Headache and Migraine Diagnosis and Treatment

August 16, 2009 by dean · Leave a Comment 

The neck can be the source of sensitisation

The neck can be the source of sensitisation

There are numerous case studies which have shown that injecting local anesthetic around the greater occipital nerve the pain of migraine is eased. This is also a key finding in cervicogenic headache and confirms the diagnosis of cervicogenic headache. So why is it that, in this situation, almost invariably the interpretation is that the sufferer has two types of headache that is:

cervicogenic headache,

and

migraine

I am always bemused by this, why can’t it be that the ‘migraine’ and cervicogenic are the same headache.

Why is it that the answer I often get is “… well we don’t know where migraine comes from but it can’t come from the neck.” Clearly this is a really unhelpful comment. Why is it that I need to demonstrate that the neck can be the source of sensitisation in migraine sufferers (my claim is based on over 21000 hours experience with headache and migraine sufferers)? Perhaps I should request from those who disagree to demonstrate that migraine cannot develop from a neck disorder ….

Cheers

Dean

(Akin Takmaz et al. Greater occipital nerve block in migraine headache: Preliminary results of 10 patients. Agri. 2008 Jan;20(1):47-50

Headache Classification Subcommittee of the International Headache Society. The International Classification of Headache Disorders, 2nd edn. Cephalalgia 2004; 24(suppl.1):1-151

Peres MF. et al Greater occipital nerve blockade for cluster headache. Cephalalgia 2002;22:520-522)

Rozen T. Cessation of Hemiplegic Migraine Auras With Greater Occipital Nerve Blockade. Headache 2007;47:917-919)

Sjaastad O, Fredricksen TA, Pfaffenrath V. Cervicogenic headache: diagnostic criteria. Headache 1998; 38:442-5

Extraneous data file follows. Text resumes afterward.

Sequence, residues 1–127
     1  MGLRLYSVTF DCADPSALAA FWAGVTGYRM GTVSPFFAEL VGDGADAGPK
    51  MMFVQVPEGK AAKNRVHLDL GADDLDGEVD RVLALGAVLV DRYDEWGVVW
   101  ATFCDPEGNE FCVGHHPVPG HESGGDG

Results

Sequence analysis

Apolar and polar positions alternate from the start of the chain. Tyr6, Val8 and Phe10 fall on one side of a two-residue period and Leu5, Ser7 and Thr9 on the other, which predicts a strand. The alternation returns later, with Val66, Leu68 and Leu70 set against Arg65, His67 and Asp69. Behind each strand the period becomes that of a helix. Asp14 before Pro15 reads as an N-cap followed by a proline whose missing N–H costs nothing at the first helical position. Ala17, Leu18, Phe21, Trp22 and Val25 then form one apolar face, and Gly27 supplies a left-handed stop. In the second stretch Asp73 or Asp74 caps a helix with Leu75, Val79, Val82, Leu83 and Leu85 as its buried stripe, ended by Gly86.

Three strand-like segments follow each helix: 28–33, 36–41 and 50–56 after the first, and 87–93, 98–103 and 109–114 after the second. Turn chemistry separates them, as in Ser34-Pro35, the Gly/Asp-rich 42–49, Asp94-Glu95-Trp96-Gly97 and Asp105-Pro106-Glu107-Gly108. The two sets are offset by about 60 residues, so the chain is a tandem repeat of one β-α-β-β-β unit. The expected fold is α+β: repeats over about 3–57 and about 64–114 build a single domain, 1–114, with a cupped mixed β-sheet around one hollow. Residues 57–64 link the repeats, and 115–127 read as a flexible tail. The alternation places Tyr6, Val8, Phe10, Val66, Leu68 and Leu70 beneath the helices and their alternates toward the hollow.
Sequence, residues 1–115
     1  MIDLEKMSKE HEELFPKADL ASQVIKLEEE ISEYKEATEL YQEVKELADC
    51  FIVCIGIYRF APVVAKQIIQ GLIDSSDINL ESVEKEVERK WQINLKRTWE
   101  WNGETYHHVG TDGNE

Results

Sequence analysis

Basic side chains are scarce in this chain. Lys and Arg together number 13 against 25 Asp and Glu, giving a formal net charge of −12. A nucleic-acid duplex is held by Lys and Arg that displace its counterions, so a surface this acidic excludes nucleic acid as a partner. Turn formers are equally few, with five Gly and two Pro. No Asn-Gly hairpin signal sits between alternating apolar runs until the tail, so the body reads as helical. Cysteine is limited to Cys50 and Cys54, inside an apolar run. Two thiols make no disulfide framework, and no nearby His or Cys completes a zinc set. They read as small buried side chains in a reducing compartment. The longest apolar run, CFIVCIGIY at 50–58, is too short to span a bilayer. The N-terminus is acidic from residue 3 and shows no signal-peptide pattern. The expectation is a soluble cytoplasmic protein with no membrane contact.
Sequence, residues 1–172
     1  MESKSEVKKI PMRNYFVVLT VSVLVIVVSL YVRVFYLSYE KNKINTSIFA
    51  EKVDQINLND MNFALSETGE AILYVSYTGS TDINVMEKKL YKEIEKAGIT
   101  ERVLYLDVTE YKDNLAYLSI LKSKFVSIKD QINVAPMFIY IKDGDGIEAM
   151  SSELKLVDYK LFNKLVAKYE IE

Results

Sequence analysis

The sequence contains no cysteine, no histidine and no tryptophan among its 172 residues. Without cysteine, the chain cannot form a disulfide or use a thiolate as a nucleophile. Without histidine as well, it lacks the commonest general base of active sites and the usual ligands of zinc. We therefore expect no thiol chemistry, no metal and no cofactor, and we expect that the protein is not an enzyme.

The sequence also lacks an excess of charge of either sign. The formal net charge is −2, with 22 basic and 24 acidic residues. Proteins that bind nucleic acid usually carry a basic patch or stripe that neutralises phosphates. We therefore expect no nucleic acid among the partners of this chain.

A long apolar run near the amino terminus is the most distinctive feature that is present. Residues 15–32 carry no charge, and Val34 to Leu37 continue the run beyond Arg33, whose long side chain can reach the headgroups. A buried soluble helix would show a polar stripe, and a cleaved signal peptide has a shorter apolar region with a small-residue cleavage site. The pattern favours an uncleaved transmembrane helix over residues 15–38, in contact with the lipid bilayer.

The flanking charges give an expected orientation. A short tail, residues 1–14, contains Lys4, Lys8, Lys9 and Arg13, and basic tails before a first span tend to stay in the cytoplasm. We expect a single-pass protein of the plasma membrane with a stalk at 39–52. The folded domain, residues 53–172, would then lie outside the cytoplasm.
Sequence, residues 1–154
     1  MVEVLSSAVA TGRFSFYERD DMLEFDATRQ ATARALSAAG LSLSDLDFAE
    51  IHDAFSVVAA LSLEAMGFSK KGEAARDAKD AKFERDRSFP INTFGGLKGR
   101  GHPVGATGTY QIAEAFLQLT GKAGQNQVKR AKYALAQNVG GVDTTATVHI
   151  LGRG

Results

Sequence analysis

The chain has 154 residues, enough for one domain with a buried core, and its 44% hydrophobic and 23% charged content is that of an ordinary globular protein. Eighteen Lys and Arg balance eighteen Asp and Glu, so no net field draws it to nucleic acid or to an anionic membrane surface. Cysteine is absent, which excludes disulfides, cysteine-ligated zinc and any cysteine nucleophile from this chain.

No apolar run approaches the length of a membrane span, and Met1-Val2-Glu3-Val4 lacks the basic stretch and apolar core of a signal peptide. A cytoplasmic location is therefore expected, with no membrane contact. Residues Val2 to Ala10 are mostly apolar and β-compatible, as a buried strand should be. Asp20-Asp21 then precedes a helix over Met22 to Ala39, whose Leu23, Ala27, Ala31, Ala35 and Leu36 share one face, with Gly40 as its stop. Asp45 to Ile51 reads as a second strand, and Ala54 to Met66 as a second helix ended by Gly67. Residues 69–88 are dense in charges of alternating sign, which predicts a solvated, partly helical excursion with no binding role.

Yi, X. et al Cervicogenic headache in patients with presumed migraine: missed diagnosis or mis diagnosis? J Pain 2005 Oct;6(10):700-3

Young WB et al. Greater Occipital Nerve and Other Anesthetic Injections for Primary Headache Disorders. Headache 2008;48:112-1125

Young, W. et al The first 5 minutes after greater occipital nerve block. Headache 2008 July 48(7):1126-8)

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About dean
Consultant Headache & Migraine Physiotherapist; International Teacher; Director, The Headache Clinic & Watson Headache Institute; PhD Candidate Murdoch University, Western Australia; Adjunct Lecturer, Masters Program, Physiotherapy School, University of South Australia; MAppSc(Res) GradDipAdvManipTher Experienced health practitioners trained in the Watson Headache Approach perform the examination and treatment techniques developed by Dean Watson. These techniques are based on his extensive experience of 7000 headache patients (21,000 hours) over 21 years and are now taught internationally. For your nearest practitioner who has completed training in the ‘Watson Headache Approach’ please refer to the ‘Practitioner Directory’.

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